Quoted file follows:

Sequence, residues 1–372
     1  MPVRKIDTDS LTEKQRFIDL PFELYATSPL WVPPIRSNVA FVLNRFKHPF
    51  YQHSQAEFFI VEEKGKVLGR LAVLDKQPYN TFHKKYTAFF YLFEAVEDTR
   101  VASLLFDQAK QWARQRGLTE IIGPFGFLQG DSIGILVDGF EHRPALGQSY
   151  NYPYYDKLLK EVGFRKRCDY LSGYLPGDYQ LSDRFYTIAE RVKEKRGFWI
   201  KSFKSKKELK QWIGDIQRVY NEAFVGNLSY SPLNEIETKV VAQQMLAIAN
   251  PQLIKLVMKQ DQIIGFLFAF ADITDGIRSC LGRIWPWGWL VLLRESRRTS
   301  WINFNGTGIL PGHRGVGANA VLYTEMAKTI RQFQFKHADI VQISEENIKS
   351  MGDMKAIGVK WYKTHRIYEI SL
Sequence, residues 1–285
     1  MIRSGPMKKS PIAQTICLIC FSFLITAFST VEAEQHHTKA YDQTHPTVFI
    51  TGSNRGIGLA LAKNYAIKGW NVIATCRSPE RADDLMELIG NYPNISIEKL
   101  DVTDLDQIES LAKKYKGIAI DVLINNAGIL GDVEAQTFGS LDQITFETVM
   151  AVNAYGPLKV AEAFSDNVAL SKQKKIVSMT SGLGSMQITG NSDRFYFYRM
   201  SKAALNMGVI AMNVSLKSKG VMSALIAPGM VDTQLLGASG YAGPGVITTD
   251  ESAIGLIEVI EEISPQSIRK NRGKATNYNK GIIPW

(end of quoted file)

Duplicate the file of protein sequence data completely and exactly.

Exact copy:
Sequence, residues 1–372
     1  MPVRKIDTDS LTEKQRFIDL PFELYATSPL WVPPIRSNVA FVLNRFKHPF
    51  YQHSQAEFFI VEEKGKVLGR LAVLDKQPYN TFHKKYTAFF YLFEAVEDTR
   101  VASLLFDQAK QWARQRGLTE IIGPFGFLQG DSIGILVDGF EHRPALGQSY
   151  NYPYYDKLLK EVGFRKRCDY LSGYLPGDYQ LSDRFYTIAE RVKEKRGFWI
   201  KSFKSKKELK QWIGDIQRVY NEAFVGNLSY SPLNEIETKV VAQQMLAIAN
   251  PQLIKLVMKQ DQIIGFLFAF ADITDGIRSC LGRIWPWGWL VLLRESRRTS
   301  WINFNGTGIL PGHRGVGANA VLYTEMAKTI RQFQFKHADI VQISEENIKS
   351  MGDMKAIGVK WYKTHRIYEI SL
Sequence, residues 1–285
     1  MIRSGPMKKS PIAQTICLIC FSFLITAFST VEAEQHHTKA YDQTHPTVFI
    51  TGSNRGIGLA LAKNYAIKGW NVIATCRSPE RADDLMELIG NYPNISIEKL
   101  DVTDLDQIES LAKKYKGIAI DVLINNAGIL GDVEAQTFGS LDQITFETVM
   151  AVNAYGPLKV AEAFSDNVAL SKQKKIVSMT SGLGSMQITG NSDRFYFYRM
   201  SKAALNMGVI AMNVSLKSKG VMSALIAPGM VDTQLLGASG YAGPGVITTD
   251  ESAIGLIEVI EEISPQSIRK NRGKATNYNK GIIPW